In an effort to minimize the financial impact of unionized staffers at Wirecutter striking on Black Friday, The New York Times has attempted to recruit “scab” labor to work the ecommerce website for the lucrative shopping weekend, The Daily Beast has learned.
Times management and the union representing staffers at the paper’s product review page have been deadlocked for nearly two years in negotiating an initial collective bargaining agreement. In an effort to ramp up pressure on Times brass, the Wirecutter union this week announced a strike for the Thanksgiving holiday weekend and urged readers to not purchase products through their site, striking at a source of revenue for the paper.
In response, two people familiar with the matter confirmed to The Daily Beast, the Times has begun recruiting “casual employees” to fill the void created by the multi-day strike, which begins at midnight heading into Thanksgiving. These staffers are not part of the fledgling Wirecutter union but do take on shifts at the e-commerce site when needed.
Employees who do fill in for the striking staffers will likely be tasked with giving the website the appearance of being fully staffed during the historically busy shopping weekend. Of greatest urgency to management are positions manning Wirecutter’s social-media presence and back-end technical slots, sources told The Daily Beast.
“The New York Times is treating workers like they're expendable and engaging in exactly the kind of worker exploitation they have condemned at other companies,” Wirecutter senior photo editor and interim vice-chair of the union Sarah Kobos told The Daily Beast. “We’re appalled that the Times is relying on our non-union colleagues at the Times to work overtime during a holiday weekend rather than sitting down at the table with us and hammering out a contract once and for all.”
In a statement to The Daily Beast, a New York Times spokesperson vehemently rejected any notion that they were bringing in “scab” labor. “All of the casual employees were scheduled to work during this period before the strike was announced,” the spokesperson wrote. “And for your reference, casual employees work regular hours across the company. Your characterization is inaccurate.”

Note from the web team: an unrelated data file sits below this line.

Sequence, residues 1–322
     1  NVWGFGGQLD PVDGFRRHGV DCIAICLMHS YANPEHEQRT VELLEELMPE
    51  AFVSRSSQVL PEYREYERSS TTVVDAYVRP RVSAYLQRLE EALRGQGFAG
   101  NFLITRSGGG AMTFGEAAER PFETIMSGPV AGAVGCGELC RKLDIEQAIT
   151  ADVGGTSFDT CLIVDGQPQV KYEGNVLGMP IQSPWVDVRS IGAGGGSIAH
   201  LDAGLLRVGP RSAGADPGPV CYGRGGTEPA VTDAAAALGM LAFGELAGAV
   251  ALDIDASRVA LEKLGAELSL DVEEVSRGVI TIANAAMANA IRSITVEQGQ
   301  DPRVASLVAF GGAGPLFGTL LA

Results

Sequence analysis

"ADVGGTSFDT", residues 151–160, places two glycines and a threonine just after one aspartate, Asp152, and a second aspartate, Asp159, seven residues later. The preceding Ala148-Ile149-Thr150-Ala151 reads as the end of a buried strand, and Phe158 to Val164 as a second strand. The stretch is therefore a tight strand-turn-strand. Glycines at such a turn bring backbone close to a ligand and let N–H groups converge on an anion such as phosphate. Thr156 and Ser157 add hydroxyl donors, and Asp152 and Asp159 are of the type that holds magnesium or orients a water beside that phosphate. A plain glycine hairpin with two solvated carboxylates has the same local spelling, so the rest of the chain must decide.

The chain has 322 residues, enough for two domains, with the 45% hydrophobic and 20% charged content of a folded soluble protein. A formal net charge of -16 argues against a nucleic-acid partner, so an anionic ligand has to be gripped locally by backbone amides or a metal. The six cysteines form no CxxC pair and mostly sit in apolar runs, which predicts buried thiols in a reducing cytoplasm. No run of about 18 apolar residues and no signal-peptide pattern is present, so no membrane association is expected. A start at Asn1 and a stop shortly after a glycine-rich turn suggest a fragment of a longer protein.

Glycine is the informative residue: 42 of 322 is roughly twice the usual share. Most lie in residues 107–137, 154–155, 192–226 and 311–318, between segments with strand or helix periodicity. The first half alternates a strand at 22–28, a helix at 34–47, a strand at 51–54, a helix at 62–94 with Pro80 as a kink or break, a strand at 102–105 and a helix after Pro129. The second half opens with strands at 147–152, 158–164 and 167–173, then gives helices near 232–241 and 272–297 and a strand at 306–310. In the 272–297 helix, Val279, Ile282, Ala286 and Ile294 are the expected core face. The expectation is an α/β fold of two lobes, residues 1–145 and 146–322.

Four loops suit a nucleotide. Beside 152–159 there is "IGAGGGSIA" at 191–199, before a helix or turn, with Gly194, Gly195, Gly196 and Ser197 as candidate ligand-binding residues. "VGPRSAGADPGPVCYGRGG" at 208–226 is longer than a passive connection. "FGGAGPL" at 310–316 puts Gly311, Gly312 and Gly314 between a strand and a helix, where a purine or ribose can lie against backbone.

Wirecutter union’s extended strike over the long weekend threatens to hit the Times in its wallet. (Disclosure: This story’s reporters are members of the NewsGuild, the union that represents Wirecutter and The New York Times.) Black Friday and Cyber Monday have historically been of vital importance to the site, which generates revenue for the newspaper by directing traffic to various products with a revenue-sharing deal on resulting sales.
“While a strike during Cyber Week is concerning, we don’t believe it will meaningfully harm the business and we are prepared to serve our readers,” the Times said in its statement.
Union organizers hope that recruited “scabs,” while not being card-carrying union members, will join the proverbial picket line as an ongoing stalemate with the paper’s management continues. As an incentive, the union plans to assist these staffers with any financial costs they might incur by joining the strike, creating a GoFundMe fundraiser to supplement the potential scabs’ wages.
Wirecutter union chair Nick Guy wrote on the fundraising page that he will be “collecting these funds, and then distributing them directly to our unit members who opt-in.” He added: “The funds will be used to replace lost income during our strike. I will not be taking any disbursement from these funds.”
By Wednesday evening, at least two of the potential “scabs” had been convinced to join the strike, according to one person familiar with the matter.
This latest battle between the Wirecutter union and Times management is just the latest chapter in the e-commerce site’s quest to complete its first labor deal. A key point of contention reportedly remains the union’s demands for a minimum salary and guaranteed annual raises.
“The New York Times has a long history of productive relationships with unions to advance our shared objectives,” the paper said in its statement. “We’re actively working with the Wirecutter Union to reach a collective bargaining agreement that continues to reward our employees for their work and contributions to The Times’s success, and we look forward to continuing those negotiations at the bargaining table in early December.”
“What we are asking for is beyond reasonable,” maintained Kobos, the Wirecutter photo editor and union vice chair. “Management's proposals are far below inflation and what our competitors offer, which is why we are hemorrhaging talent. My colleagues are some of the most dedicated and knowledgeable people I've ever worked with. We love our jobs and are disappointed we have to walk out, but we know what we're worth.”